Image: Wikimedia Commons
“Most people are familiar with image-based CAPTCHAs that require users to input a string of distorted characters in order to prove that they are human. However, there are also audio and video variants of such tests.
NuCaptcha is a video-based CAPTCHA implementation that uses animation techniques in order to make it harder for spam bots to decipher the characters. Its creators claim that NuCaptcha has the highest usability and security levels of any CAPTCHA on the market.
However, according to Stanford University researcher Elie Bursztein, that’s not exactly true. Bursztein has worked with other researchers to evaluate the security of NuCaptcha since October 2010 and has devised a method that defeats it with a success rate of over 90 percent.” (Lucian Constantin, Network World)
Photo: State Dept.
“Responding to a call by Washington, D.C., election officials for outsiders with no previous access to test system security, Halderman and his students penetrated the pilot system within 48 hours of it going online. Their successful attack went undetected for another 36 hours, they say, despite the fact that they left a calling card in the form of having the vote confirmation screen to play the University of Michigan fight song after 15 seconds. Even then, the detection didn’t occur because D.C. officials spotted anomalies in intrusion detection system logs, or even stumbled on the fight song itself, but because someone on a mailing list monitored by the city asked, ‘does anyone know what tune they play for successful voters?’ ” (David Perera, Fierce Government)
“Unlike traditional security approaches, which are static, digital ants wander through computer networks looking for threats such as computer worms, self-replicating programs designed to steal information or facilitate unauthorized use of computers. When a digital ant detects a threat, it summons an army of ants to converge at that location, drawing the attention of human operators to investigate.” (Kerry M. King, Wake Forest University)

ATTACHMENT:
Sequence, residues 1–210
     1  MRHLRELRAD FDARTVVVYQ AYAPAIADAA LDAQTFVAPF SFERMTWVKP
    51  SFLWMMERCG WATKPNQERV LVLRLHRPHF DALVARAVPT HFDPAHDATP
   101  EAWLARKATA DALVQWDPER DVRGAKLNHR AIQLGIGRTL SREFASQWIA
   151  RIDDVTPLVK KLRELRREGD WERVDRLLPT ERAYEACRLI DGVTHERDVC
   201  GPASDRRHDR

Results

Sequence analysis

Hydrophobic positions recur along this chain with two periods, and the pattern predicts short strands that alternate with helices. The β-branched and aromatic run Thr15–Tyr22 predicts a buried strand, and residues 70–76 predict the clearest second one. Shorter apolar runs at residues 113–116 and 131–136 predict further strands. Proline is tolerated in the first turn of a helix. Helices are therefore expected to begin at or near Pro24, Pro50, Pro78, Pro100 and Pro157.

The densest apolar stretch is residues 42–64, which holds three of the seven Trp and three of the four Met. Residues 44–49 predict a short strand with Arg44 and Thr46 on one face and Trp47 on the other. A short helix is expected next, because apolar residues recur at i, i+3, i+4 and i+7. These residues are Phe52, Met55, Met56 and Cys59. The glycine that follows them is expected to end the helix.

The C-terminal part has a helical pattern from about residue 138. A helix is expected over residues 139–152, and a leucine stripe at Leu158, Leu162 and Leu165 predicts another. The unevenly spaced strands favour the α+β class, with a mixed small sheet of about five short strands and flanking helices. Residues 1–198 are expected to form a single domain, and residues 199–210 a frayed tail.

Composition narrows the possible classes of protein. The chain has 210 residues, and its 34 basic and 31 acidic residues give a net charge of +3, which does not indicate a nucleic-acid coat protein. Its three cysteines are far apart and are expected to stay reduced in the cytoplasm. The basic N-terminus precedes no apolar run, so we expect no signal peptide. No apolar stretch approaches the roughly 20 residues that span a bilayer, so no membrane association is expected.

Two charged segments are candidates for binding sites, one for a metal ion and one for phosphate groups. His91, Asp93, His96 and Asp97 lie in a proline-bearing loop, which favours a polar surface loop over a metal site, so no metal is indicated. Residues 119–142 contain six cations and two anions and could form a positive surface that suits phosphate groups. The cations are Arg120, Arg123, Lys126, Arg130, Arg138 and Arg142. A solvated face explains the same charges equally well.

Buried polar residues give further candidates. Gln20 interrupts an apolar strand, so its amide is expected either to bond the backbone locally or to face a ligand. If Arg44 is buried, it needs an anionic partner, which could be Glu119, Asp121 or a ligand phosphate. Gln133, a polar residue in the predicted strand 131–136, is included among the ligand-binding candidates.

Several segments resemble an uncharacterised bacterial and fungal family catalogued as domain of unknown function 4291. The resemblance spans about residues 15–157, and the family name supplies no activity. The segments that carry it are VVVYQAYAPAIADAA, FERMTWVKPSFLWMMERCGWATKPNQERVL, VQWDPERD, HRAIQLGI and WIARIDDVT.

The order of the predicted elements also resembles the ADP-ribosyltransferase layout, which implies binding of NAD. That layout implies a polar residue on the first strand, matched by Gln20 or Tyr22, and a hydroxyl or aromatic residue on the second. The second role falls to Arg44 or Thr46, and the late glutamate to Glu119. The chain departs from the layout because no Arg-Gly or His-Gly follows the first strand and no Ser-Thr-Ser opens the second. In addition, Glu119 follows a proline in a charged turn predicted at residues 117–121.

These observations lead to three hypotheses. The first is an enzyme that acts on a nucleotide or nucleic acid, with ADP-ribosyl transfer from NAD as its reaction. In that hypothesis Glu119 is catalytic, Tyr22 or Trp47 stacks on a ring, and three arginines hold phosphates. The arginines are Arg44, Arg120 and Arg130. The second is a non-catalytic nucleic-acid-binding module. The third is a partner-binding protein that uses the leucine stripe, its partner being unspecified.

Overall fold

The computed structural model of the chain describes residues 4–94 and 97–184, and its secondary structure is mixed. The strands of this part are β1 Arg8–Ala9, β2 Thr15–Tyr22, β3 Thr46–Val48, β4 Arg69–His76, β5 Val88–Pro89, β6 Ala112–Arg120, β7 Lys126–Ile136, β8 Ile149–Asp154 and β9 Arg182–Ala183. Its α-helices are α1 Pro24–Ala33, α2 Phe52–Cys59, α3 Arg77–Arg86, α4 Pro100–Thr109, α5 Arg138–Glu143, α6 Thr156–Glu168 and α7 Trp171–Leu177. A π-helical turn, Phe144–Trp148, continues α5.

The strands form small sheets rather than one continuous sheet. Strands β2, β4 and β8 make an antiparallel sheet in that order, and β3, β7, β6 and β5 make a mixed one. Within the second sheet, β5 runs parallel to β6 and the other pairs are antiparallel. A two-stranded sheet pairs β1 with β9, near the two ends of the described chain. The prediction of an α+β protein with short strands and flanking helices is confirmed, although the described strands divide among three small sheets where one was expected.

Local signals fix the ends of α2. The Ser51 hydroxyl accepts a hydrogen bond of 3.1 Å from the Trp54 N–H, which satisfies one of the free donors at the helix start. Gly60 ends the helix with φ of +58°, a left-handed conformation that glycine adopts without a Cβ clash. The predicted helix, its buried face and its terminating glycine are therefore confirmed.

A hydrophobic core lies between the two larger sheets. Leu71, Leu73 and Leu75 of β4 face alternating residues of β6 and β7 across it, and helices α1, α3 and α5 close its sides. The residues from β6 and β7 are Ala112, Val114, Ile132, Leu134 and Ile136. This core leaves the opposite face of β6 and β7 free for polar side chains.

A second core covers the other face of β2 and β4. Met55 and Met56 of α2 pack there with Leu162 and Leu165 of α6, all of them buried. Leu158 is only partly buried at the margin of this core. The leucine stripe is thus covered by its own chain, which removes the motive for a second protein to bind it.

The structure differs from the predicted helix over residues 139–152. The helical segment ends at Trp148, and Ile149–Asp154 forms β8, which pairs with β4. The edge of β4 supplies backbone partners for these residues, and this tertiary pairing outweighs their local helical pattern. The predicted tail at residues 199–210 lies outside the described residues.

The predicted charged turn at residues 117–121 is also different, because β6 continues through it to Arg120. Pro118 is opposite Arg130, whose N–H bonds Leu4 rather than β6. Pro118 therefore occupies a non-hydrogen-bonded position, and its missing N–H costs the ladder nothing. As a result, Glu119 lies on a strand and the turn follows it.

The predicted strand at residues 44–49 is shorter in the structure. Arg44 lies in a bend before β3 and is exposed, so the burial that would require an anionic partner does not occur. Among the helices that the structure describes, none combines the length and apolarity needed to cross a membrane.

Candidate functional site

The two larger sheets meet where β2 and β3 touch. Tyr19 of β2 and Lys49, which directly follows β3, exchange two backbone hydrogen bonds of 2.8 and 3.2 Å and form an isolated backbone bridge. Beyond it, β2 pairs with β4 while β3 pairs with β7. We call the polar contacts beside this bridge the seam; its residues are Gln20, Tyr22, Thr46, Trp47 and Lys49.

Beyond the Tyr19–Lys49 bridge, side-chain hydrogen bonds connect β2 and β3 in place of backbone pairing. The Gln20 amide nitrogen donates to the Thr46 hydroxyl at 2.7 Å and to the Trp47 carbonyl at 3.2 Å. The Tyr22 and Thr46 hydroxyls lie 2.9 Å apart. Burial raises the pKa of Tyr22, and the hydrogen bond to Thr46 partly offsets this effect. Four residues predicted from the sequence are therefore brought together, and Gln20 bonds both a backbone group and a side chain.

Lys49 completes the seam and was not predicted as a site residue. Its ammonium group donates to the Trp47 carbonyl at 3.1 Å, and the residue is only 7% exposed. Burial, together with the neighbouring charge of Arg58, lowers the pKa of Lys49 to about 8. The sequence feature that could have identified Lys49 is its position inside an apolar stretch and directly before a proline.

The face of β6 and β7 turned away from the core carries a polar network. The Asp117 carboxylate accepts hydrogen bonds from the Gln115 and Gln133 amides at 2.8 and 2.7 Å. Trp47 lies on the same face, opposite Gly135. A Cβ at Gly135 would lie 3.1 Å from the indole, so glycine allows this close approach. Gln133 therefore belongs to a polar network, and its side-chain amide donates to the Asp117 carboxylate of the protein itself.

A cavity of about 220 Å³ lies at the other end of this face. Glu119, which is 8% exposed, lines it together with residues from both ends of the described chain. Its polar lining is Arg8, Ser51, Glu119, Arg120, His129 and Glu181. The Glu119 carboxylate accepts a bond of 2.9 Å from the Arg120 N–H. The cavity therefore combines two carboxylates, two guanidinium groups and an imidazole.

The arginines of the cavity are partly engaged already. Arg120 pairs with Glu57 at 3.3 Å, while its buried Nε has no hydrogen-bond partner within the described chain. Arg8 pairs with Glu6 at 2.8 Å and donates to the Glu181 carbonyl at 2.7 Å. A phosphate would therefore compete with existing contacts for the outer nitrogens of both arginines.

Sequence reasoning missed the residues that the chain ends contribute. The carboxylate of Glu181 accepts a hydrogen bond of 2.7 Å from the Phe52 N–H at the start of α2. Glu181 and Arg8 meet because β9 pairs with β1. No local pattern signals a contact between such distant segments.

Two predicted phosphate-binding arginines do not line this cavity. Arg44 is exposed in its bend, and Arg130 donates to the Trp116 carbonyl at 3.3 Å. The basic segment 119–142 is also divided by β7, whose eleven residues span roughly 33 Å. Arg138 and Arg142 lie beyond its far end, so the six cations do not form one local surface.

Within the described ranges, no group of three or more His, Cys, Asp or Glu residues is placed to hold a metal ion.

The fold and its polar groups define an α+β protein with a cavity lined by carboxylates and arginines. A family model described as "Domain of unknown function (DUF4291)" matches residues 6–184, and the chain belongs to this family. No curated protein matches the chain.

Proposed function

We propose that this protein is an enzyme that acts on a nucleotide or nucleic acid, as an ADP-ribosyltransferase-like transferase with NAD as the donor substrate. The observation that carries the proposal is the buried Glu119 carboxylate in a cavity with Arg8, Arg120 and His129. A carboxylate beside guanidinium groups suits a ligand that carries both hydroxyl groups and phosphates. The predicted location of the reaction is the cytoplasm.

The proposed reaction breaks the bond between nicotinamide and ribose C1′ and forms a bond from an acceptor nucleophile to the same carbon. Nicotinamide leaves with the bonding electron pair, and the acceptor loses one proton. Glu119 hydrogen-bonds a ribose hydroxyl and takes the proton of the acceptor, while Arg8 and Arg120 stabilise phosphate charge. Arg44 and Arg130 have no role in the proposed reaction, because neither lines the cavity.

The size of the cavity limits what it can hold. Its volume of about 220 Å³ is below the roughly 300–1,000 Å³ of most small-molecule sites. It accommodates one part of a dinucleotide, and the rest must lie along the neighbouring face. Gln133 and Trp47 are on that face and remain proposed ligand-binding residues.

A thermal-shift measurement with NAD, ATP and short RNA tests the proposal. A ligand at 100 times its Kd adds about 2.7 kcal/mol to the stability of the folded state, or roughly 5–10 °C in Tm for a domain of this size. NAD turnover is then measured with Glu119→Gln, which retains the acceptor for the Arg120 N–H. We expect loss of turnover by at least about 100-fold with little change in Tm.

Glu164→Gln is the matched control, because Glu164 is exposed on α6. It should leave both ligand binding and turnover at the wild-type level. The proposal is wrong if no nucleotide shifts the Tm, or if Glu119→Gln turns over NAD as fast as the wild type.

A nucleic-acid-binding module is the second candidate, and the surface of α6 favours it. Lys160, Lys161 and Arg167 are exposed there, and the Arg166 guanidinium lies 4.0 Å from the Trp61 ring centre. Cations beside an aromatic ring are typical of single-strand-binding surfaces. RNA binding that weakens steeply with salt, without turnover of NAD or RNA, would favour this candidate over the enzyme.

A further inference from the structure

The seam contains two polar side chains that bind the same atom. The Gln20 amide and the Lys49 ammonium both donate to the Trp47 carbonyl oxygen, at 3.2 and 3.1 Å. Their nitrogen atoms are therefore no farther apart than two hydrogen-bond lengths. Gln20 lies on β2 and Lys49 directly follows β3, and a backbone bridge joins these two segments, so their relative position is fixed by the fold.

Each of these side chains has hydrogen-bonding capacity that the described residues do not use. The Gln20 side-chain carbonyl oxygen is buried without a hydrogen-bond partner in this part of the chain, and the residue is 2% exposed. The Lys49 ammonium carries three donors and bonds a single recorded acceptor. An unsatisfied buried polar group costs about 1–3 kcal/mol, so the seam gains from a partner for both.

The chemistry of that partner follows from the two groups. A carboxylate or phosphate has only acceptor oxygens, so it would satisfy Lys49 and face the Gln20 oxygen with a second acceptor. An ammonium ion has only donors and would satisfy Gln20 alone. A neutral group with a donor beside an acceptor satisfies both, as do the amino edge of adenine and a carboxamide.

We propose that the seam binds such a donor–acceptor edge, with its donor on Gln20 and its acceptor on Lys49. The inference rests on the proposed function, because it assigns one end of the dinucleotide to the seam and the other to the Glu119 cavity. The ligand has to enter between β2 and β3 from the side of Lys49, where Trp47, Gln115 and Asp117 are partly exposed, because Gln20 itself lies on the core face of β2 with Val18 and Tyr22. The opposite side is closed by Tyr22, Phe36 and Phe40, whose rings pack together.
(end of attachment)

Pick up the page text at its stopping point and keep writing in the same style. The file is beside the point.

Photo: Wake Forest
“Cyber attacks usually take place in two phases, says Fulp. In the reconnaissance phase, a virus or other threat simply observes the landscape, identifies possible defense mechanisms and looks for the best way in. If nothing has changed since the reconnaissance phase upon return, the virus strikes. But security experts say even the slightest change in environment can make a huge difference in deterring a potential attacker.
‘Just as one might try to prevent a home robbery, our goal is to create a ‘moving target defense’ that detects cyber threats when they first case the house,’ explains Fulp. ‘If we can automatically change the landscape by adding the technological equivalent of security cameras or additional lighting, the resulting uncertainty will lower the risk of attack.’ ” (Katie Neal, Wake Forest University)
“The agency released a report Thursday that criticized developers and app marketplaces for not doing enough to disclose the data-collection practices of apps geared toward kids. It said it will conduct a six-month review to determine whether such apps violate the Children’s Online Privacy Protection Act.” (Matt Jerzemsky, Wall Street Journal)
Photo: J. Emilio Flores for The New York Times
” ‘As privacy law stands today, you don’t have a reasonable expectation of privacy while out in public, nor almost anywhere visible from a public vantage,’ said Ryan Calo, director of privacy and robotics at the Center for Internet and Society at Stanford University. ‘I don’t think this doctrine makes sense, and I think the widespread availability of drones will drive home why to lawmakers, courts and the public.’ ” (Nick Wingfield & Somini Sengupta, NYTimes.com)
And check out these previous posts on drones.
Photo: Damian Dovarganes/AP
“But Everyone Counts’ security claims have been met with deep scepticism by a computer scientist community which has grappled for years with the problem of making online elections fully verifiable while maintaining ballot secrecy – in other words, being rigorous about auditing the voting process, but still making sure nobody knows who voted for what. So far, nobody has demonstrated that such a thing is possible.” (Andrew Gumbel, The Guardian)